Ethnography: scientific study of people and culture, especially through direct observation
Feature: as opposed to portable artifacts, these are the non-portable parts of an archeological site such as walls, hearths, or trash pits
Supports for Struggling Learners
Teachers can ask students to read the text out loud. After each section, teachers can review the main points with the students.
Ask students to research one of the following women and write their own short biography of them:
- Sarah “Sallie” Pierce Brewer Harris: the first permanent female Ranger in the Southwest, one of many National Park Service’s “Honorary Custodians Without Pay” who lived at and interpreted archeological sites.
- Jean McWhirt Pinkley: chief of interpretation at Mesa Verde and one of the managers for the largest-ever National Park Service archeological excavation
- Virginia Sutton Harrington: the first female Ranger-historian employed by the National Park Service who championed archeological education for the public at Jamestown Fort
The National Park Service and the Girl Scouts of America have partnered to create the Girl Scout Ranger Program. Learn more at the NPS Girl Scouts webpage.
“The 1976 Women in New Mexico Exhibit: Bertha Dutton.” American Association of University Women-New Mexico (1976).
Babcock, Barbara A. and Nancy J. Parezo. Daughters of the Desert: Women Anthropologists and the Native American Southwest: 1880-1980. Edited by Barbara A. Babcock and Nancy J. Parezo. University of New Mexico Press (1988).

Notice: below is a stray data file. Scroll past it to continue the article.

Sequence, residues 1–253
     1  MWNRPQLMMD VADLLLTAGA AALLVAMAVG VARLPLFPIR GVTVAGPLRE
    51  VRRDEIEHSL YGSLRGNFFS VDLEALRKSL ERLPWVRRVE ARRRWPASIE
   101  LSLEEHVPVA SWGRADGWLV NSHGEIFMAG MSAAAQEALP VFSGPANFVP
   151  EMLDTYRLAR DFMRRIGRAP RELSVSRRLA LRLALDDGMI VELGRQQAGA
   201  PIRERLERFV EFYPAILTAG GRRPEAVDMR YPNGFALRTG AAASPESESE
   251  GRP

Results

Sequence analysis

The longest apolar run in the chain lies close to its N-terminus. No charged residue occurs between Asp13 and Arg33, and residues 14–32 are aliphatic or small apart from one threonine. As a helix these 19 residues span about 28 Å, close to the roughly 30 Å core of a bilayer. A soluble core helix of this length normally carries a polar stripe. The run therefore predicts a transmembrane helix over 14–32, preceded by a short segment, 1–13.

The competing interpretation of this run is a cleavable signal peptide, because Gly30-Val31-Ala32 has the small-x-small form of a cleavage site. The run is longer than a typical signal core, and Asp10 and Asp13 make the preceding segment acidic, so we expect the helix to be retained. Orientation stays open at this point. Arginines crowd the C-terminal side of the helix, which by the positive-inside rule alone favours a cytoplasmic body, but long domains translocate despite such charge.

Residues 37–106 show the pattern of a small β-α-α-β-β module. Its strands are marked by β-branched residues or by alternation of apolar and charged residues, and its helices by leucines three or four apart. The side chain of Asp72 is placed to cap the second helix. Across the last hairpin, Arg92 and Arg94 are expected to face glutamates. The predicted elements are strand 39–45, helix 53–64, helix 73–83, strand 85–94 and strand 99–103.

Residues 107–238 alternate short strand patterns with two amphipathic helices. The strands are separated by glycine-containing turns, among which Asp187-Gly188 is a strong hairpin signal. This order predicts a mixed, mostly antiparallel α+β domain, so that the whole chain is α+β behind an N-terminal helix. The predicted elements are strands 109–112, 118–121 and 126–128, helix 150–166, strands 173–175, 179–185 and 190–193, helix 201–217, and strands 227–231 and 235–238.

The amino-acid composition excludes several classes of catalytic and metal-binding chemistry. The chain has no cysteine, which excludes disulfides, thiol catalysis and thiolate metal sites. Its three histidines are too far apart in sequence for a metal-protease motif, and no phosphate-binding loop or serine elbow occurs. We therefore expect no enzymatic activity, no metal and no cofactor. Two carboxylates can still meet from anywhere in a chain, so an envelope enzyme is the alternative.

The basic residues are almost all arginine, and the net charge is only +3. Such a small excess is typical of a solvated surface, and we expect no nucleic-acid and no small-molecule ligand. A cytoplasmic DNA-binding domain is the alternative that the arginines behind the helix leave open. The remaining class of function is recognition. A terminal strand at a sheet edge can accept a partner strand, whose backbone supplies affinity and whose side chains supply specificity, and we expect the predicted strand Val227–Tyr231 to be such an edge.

Bloom, Jo Tice. “Dr. Bertha Dutton and Her Dirty Diggers.” In Sunshine and Shadows in New Mexico’s Past Volume 3: The Statehood Period, 1912-Present, Richard Melzer, editor, Historical Society of New Mexico Centennial Series (2012).
Cohen, Leslie. “Dutton’s Dirty Diggers: A Special Kind of Public Archeology.” Archeology Southwest 19 (4):4.
Cohen, Leslie. “Dutton’s Dirty Diggers: ‘She Taught Us to Be Bold.’” In El Palacio 111 (2):34-37.
Dutton, Bertha Pauline. American Indians of the Southwest. University of New Mexico Press (1983).
Dutton, Bertha P. “The Diggers Complete their Fifth Season of Senior Girl Scout Archeological Mobile Camps.” El Palacio 58 (11):354-371.
Fowler, Catherine S. "Bertha P. Dutton and the Girl Scouts in the Southwest, 1947-1957." In Threads, Tints, and Edification: Papers in Honor of Glenna Dean, edited by E.J. Brown, K. Armstrong, D M. Brugge, and C. Condie. Papers of the New Mexico Archaeological Society No. 36. Albuquerque (2010).
Leckie, Shirley A. and Nancy J. Parezo. “Introduction.” In Their Own Frontier: Women Intellectuals Re-Visioning the American West, Shirley A. Leckie and Nancy J. Parezo, editors, pp. 1-44. University of Nebraska (2008).
Leyit Kin. Chaco Sites. Chaco Research Archive.
Morris, Elizabeth Ann and Caroline B. Olin. “Obituary: Bertha Pauline Dutton (1903-1994).” In American Antiquity 6 (4):652-658.
Parezo, Nancy J. Hidden Scholars: Women Anthropologists and the Native American Southwest. University of New Mexico Press (1993).
Wilson Gordon P., Leslie Goodwill Cohen, Carole Gardner, and G. Stuart Patterson. “Pueblo Largo (LA183) Including the Excavations of Bertha Dutton; 1951-1956, and unpublished manuscripts from David M. Brugge, Lyndon L. Hargrave, Richard Honea, Thomas W. Mathews, and Erik K. Reed.” Maxwell Museum Technical Series No. 23. Maxwell Museum of Anthropology, University of New Mexico (2015).
Related Lessons or Education Materials